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Touring Stocks Drop as Coronavirus Declared a Pandemic

Concert promoters’ stock prices sank further on Wednesday as the World Health Organization deemed the novel coronavirus outbreak to be a pandemic, the health equivalent of upgrading an economic…

UPDATE: Live Nation shares fell as much as 24.3%, from $42.01 to $31.81, on Thursday (March 12), before improving to roughly 4% down by early afternoon. Shares of The Madison Square Garden Company 12.1% but recovered half the loss by midday Thursday. CTS Eventim, traded on the German exchange Xetra, closed down 8.6%

Concert promoters’ stock prices sank further on Wednesday (March 11) as the World Health Organization deemed the novel coronavirus outbreak to be a pandemic, the health equivalent of upgrading an economic recession to a depression. Live Nation shares closed the day (March 11) down 16.6%, nearly triple the Dow’s 5.9% decline, while Madison Square Garden Company fell 9.5% and German promoter and ticketing company CTS Eventim stumbled 6.5%.

The term bear market — a 20% decline from recent highs — also arrived Monday, lending more awe to the stock market’s shock. Live Nation shares have shed 41.2% this year and 43.4% since the sell-off began Feb. 24, while MSG and CTS Eventim have lost 25.2% and 29.2% of their market values, respectively.


Investors can see that early signs of potentially major disruption are being realized. Goldenvoice’s Coachella and Stagecoach festivals were postponed until October but fortunate to find a place on the calendar. A number of March events were less fortunate have been canceled outright, including South by Southwest in Austin, Ultra Music Festival and Winter Music Conference in Miami, and Big Ears Festival in Knoxville, Tennessee.

“The big question is the timing of cancellations and reservations,” says Brandon Ross, partner at Lightshed Partners. If the coronavirus is not reasonably contained by late spring or summer, the busiest part of the concert business will be pushed to fall and winter. “That’s difficult for the amphitheater business” that thrives in warmer months, Ross says. Live Nation president Joe Berchtold echoed this idea on CNN Wednesday afternoon, saying the promoter is looking at its slate of festivals and considering which can move to summer or fall “when things have settled down.”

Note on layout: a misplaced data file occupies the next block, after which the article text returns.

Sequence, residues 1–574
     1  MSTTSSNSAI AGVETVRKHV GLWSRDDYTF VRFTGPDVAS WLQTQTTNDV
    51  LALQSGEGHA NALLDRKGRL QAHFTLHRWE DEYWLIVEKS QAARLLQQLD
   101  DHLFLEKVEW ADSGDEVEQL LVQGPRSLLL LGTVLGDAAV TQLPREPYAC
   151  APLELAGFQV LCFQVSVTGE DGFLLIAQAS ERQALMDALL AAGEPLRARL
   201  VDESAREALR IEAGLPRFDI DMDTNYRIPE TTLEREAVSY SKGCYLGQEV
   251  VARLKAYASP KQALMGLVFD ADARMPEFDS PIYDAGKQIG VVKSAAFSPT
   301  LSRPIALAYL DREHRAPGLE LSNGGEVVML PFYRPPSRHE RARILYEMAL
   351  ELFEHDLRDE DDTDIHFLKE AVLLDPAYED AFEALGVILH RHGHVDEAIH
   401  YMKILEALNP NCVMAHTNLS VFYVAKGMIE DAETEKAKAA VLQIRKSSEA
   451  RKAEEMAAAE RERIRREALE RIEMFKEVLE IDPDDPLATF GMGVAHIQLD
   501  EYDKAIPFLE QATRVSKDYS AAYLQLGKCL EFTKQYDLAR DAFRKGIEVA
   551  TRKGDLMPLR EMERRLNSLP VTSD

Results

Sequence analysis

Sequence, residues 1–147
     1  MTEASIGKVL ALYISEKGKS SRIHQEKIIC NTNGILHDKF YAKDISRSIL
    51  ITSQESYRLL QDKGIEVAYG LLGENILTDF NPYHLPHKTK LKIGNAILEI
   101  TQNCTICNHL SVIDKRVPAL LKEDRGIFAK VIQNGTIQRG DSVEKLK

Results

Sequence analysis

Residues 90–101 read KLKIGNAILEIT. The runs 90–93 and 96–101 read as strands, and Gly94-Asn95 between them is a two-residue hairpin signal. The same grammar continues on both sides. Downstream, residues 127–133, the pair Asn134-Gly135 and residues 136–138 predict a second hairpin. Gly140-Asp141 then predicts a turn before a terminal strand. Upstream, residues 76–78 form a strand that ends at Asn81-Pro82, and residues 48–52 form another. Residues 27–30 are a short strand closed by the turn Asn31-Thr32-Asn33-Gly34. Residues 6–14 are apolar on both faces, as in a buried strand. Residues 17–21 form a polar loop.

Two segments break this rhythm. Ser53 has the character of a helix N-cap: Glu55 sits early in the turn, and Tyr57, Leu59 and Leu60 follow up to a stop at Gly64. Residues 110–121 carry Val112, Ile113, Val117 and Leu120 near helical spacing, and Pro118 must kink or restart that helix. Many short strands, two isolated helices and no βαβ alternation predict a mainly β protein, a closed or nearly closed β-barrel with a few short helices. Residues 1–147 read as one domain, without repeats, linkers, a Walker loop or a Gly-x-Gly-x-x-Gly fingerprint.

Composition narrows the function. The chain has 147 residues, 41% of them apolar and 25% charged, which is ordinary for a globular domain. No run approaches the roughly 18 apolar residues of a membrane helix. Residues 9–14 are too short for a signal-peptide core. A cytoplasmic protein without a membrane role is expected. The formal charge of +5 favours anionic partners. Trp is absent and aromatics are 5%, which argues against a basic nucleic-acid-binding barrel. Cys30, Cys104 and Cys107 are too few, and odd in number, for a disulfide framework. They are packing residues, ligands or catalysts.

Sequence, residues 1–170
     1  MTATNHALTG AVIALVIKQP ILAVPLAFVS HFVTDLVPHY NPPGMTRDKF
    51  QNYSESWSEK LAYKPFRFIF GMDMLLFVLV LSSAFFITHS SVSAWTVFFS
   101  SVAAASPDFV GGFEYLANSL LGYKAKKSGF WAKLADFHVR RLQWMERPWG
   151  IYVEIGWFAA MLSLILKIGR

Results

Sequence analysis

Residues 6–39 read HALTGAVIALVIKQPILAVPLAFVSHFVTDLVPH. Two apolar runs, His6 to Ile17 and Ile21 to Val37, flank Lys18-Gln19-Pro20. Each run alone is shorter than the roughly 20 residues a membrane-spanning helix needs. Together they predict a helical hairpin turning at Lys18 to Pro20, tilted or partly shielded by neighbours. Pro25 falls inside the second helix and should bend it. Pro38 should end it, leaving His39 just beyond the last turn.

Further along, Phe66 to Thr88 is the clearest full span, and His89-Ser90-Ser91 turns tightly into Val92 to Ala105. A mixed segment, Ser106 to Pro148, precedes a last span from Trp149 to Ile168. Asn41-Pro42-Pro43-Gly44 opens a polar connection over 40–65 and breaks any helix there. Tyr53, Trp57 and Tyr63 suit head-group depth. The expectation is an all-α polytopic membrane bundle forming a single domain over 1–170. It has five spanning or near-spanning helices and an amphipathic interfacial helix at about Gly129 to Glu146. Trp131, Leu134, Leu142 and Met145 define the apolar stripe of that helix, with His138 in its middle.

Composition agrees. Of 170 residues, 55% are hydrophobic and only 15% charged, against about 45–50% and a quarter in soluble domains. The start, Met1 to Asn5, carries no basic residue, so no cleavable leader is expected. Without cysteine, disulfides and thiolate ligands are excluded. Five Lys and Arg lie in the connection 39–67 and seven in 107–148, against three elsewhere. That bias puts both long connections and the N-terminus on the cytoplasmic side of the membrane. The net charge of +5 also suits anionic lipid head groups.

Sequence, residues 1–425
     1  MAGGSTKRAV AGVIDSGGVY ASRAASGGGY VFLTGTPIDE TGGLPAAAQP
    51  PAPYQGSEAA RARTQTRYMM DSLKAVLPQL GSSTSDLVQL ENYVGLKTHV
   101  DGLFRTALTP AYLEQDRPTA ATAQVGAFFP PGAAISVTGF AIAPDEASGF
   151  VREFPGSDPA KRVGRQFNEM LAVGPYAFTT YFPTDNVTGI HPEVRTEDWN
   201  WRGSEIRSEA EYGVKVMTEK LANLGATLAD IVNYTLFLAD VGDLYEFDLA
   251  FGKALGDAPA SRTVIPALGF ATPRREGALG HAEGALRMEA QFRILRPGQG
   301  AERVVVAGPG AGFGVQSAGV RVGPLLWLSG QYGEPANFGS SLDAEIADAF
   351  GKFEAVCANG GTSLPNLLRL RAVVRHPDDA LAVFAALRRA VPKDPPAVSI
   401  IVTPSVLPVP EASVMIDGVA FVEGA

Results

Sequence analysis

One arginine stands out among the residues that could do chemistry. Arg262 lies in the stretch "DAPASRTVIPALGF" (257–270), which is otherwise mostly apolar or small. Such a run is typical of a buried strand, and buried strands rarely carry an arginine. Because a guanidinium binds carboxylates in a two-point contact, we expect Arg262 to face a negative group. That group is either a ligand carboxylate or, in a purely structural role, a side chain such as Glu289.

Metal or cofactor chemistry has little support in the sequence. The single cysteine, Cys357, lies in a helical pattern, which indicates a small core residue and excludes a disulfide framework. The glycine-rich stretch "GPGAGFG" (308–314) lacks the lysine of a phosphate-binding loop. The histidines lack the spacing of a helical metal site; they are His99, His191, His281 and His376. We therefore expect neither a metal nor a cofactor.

Add sports to the list of casualties. Around the time Berchtold was calming investors’ nerves, the Golden State Warriors announced it will play two games in its home arena, the brand new Chase Center in San Francisco, without fans in attendance. Fortunately for the Warriors, teams have lucrative contacts with TV broadcasters and can air games in empty arenas. But “the game must go on” isn’t in promoters’ vocabulary. Right now, the concert business is filled with unanswerable questions. As CTS Eventim’s CEO Klaus-Peter Schulenberg said in a press release Wednesday, the coronavirus “will have negative impacts…that we are currently unable to quantify.”

Ironically, CNBC chose Black Sabbath’s “Paranoid” for intro music Wednesday, a questionable choice given the gravity of recent weeks. Businesses aren’t paranoid when canceling or postponing events — far from it. But investors’ state of mind is another story.